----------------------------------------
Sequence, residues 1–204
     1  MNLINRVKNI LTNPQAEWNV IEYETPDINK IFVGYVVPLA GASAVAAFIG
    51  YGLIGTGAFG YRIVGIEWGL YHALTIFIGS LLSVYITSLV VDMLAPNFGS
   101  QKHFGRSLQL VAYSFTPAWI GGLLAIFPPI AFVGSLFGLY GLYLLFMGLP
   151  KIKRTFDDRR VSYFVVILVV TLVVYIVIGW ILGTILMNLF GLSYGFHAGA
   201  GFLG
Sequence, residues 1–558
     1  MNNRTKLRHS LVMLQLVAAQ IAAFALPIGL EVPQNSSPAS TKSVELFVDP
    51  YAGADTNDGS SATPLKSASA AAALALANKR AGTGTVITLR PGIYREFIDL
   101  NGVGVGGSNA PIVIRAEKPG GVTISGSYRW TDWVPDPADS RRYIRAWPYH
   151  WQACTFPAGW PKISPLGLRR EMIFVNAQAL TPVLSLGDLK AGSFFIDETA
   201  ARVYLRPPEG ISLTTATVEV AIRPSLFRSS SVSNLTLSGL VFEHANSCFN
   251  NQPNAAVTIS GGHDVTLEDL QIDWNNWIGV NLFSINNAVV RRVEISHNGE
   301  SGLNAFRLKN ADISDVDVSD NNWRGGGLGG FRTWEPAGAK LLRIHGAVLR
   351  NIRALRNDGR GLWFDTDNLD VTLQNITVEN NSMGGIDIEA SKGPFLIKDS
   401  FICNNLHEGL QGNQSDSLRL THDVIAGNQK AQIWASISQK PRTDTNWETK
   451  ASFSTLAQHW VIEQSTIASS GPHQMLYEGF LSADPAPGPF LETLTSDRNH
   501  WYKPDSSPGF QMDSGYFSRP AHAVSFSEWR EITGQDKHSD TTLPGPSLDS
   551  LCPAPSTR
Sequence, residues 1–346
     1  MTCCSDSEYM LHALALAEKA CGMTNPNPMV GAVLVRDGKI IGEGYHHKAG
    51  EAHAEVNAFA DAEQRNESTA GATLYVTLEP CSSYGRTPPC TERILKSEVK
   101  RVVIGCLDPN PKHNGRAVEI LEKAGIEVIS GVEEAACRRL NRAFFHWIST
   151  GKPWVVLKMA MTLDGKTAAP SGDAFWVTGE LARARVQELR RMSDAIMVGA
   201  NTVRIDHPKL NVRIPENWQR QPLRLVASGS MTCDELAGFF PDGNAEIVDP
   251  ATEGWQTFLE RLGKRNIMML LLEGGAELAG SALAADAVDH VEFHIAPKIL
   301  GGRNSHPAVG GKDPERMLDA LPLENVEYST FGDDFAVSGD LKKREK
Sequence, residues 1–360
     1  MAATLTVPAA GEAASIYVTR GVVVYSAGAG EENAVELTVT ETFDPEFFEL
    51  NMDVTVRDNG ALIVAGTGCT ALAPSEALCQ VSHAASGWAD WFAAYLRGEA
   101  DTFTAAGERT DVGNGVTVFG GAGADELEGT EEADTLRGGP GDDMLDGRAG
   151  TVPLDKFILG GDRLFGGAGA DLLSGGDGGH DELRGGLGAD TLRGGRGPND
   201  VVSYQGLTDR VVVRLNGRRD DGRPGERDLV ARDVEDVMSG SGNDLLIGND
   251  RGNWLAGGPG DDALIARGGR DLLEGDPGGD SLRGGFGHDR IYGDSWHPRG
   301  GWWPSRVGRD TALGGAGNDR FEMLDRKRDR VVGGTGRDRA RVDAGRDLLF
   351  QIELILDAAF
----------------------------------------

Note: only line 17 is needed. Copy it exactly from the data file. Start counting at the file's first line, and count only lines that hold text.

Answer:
   451  ASFSTLAQHW VIEQSTIASS GPHQMLYEGF LSADPAPGPF LETLTSDRNH